I had a short but incredibly windy 3.5 mile walk through the windfarm. I’d seen a note on guthooks about a ‘partially’ sheltered campsite behind a juniper bush beside the trail. The description was right. I found the site. It is semi sheltered but the winds are still strong so I slept without the fly. I guess strong winds should be expected when trying to camp in a windfarm.

It was nice to be set up and in the tent early. I enjoyed the changing colours of the sunset from my bed until the glowing lights of the city began to appear on the horizon. Although a hotel bed would have been comfy and a little less gusty, you can’t beat views like this.

Room with a view

Tuesday 4 June 2019
Day: 37
Location: Mile 517.6 to Mile 534.9
Distance travelled: 17.3 miles / 28 km

After deciding to night walk the next long, dry hot section of trail I was excited about the prospect of a sleep in this morning but for the life of me, I couldn’t. I was wide awake at 6am. Even after a sleepless night, the strong winds were making creepy noises and shaking my trailer all night.

It was a lazy day, I got a lift into the cafe for a breakfast burrito and remained at the cafe until I was ready to hike out. I watched movies all day, ate ice cream and a token serving of fruit before having another burrito for good measure.

Mmmm butter pecan. God bless America

I set off on the trail just before 6pm, aiming to tackle the infamous LA aqueduct in the coolest part of the day. It was still above 30 degrees Celsius when I hiked out.

Farewell hiker town

The aqueduct began as an open canal before converting into a closed pipe which then went underground, what I initially thought was the tarmac of a service road was actually the top of the aqueduct. Every so often there were access points to the water below, large concrete blocks like huge plugs to the water below. They made handy resting spots for breaks. Some people even camped on top, safeguarded from any cars coming past during the evening.

It was my first time night hiking since starting the PCT. I was initially nervous about it but as the sun began to sink in the sky a feeling of absolute joy swept over me. It was one of those moments where everything feels perfect and as it should be.

The sunset threw brilliant oranges across the sky and the Joshua Trees began to turn into shadowy figures surrounding the trail.

It was a brilliant starry sky with the moon making only a sliver of an appearance.

Even without a full moon for light I was able to hike without my headlamp for most of the night. The aqueduct was flat and easy to walk on with minimal trip hazards.

I thought I would find the long stretch boring but in the dark of the evening all of my other senses were heightened and I felt present.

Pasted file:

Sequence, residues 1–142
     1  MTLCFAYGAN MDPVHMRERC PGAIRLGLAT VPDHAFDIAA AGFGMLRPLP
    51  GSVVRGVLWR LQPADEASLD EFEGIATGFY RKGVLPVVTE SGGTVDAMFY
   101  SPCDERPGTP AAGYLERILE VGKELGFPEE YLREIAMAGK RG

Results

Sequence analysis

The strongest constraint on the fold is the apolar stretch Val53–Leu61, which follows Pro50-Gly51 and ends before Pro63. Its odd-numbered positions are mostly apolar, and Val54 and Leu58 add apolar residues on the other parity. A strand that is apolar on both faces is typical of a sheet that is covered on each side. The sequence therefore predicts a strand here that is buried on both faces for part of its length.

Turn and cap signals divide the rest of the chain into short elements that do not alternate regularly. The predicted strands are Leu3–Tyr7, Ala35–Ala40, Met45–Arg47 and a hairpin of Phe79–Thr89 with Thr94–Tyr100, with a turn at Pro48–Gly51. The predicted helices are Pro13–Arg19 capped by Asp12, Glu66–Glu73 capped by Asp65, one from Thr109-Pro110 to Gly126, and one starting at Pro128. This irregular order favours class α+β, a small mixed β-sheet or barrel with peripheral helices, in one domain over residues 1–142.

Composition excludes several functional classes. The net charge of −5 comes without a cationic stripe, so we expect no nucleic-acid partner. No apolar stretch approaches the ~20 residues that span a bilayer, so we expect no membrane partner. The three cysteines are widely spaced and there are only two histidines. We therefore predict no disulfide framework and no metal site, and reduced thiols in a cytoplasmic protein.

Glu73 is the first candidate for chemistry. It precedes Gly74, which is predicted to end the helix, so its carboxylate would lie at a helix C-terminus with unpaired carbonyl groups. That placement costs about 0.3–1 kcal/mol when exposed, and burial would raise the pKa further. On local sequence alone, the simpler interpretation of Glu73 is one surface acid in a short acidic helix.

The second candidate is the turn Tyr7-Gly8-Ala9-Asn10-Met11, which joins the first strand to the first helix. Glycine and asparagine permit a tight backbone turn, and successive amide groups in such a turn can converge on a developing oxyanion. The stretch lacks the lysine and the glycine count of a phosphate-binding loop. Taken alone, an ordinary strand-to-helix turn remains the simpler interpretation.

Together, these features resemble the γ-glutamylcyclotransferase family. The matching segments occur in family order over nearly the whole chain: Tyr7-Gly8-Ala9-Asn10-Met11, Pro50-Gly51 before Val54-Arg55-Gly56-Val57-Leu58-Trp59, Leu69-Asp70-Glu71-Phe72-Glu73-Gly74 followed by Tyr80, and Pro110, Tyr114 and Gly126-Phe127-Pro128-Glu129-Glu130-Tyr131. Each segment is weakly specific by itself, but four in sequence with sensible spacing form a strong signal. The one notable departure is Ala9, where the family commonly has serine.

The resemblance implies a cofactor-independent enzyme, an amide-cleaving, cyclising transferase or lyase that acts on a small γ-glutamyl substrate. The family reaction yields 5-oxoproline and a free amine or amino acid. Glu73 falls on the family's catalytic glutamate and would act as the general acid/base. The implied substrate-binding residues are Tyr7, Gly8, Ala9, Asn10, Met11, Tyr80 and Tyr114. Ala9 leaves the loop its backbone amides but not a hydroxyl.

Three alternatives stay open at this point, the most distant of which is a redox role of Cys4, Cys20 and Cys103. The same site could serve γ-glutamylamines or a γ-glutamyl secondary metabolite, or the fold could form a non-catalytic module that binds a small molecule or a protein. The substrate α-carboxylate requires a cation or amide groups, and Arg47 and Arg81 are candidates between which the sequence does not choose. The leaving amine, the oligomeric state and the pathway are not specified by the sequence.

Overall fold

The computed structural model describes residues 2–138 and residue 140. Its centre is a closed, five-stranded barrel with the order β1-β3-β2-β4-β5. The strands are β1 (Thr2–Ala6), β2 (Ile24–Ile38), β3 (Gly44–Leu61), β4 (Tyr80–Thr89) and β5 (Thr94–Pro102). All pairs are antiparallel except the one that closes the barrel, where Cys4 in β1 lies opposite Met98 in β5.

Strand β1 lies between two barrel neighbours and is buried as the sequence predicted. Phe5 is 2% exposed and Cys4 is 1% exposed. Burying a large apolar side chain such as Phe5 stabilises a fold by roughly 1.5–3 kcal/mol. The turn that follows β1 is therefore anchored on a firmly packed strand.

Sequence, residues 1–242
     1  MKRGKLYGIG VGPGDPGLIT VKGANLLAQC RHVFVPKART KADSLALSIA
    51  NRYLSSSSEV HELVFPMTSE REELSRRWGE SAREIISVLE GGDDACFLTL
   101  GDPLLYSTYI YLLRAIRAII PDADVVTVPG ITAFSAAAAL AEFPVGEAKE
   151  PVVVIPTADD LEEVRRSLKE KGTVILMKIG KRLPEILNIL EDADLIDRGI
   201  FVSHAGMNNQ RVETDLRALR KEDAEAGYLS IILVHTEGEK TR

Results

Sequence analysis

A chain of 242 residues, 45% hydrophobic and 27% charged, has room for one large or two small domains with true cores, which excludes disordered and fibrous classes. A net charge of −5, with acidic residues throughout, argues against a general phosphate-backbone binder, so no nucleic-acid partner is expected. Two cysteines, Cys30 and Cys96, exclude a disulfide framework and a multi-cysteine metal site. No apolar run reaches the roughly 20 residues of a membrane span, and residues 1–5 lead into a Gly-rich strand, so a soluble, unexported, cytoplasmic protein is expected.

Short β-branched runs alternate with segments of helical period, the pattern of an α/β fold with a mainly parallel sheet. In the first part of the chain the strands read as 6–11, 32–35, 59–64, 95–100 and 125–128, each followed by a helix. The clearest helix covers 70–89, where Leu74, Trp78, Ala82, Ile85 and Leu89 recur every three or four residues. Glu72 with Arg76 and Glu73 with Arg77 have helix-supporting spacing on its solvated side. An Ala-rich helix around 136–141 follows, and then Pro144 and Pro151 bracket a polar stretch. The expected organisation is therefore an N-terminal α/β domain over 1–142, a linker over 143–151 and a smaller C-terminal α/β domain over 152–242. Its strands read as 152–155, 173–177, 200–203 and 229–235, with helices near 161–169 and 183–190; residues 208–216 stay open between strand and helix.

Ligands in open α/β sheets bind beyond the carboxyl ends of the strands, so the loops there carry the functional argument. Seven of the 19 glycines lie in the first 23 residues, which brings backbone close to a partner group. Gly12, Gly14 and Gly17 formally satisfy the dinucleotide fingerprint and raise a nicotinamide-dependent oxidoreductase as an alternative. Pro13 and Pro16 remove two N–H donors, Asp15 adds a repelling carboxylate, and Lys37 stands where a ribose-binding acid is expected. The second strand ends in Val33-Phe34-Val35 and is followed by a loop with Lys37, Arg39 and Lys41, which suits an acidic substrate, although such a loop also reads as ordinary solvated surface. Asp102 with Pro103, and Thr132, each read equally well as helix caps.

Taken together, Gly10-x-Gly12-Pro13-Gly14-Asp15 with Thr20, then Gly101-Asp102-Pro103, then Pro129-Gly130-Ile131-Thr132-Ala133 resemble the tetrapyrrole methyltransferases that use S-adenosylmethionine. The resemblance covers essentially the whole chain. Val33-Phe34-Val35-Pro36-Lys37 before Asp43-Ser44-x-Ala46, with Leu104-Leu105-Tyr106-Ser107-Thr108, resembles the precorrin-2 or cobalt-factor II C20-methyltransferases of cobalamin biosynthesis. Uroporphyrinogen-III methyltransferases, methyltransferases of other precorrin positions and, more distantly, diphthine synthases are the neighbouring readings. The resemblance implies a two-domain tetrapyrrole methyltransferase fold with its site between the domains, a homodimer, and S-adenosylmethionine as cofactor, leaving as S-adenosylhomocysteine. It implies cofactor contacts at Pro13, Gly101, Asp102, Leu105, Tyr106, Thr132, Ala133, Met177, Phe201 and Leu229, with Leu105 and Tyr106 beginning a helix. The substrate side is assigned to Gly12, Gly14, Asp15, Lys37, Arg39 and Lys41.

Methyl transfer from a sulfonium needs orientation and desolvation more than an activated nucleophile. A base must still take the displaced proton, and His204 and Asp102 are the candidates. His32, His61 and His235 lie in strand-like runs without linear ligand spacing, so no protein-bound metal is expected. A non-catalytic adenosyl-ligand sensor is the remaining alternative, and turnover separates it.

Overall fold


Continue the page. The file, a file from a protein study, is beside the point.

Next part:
During the night I spotted several kangaroo mice hopping about in the sand on the side of the trail. In the torch beam they became confused and didn’t know which direction to run in.

The winds picked up as the evening progressed. I was hoping it would ease up so I could find a nice place to camp around 11pm. It was wishful thinking, the trail lead me through a windfarm with the wind turbines whirring overhead and their lights flashing red warning planes of their existence.

Just before midnight I arrived at Cottonwood Creek and found a perfect camp spot on a flat bed of sand just off the trail. It was still a little windy so I left the fly off of the tent and enjoyed a breeze as I slept. After a big day I slept incredibly soundly despite the wind. It was nice to be sleeping warm for another night.

Wednesday 5 June 2019
Day: 38
Location: Mile 534.9 to Mile 558.5
Distance travelled: 23.6 miles / 38 km

Sleeping with the fly off I thought the sunrise would wake me before my 5am alarm did but I was so snuggly in my tent the light didn’t wake me. I needed a coffee this morning so I took my time to have coffee and something to eat before heading back out on trail.

It was a fun experience waking up in a wind farm. After camping in the Mesa wind farm a few weeks back I didn’t think I would ever camp in a wind farm again but here I was. It was a lot less daunting walking it in the morning rather than the evening. Everything was a lot less spooky looking.

I’m glad I walked past this in the daylight… creepy much?

I was moving by 6am and my departure coincided with that of 2 other hikers whom I hadn’t previously met, Salad and Twinkle. I hiked with them through the windfarm and down to Tylerhorse Canyon.

Tylerhorse canyon was an oasis from the heat of the morning. I took a good long break, filled up with water and ate my oats.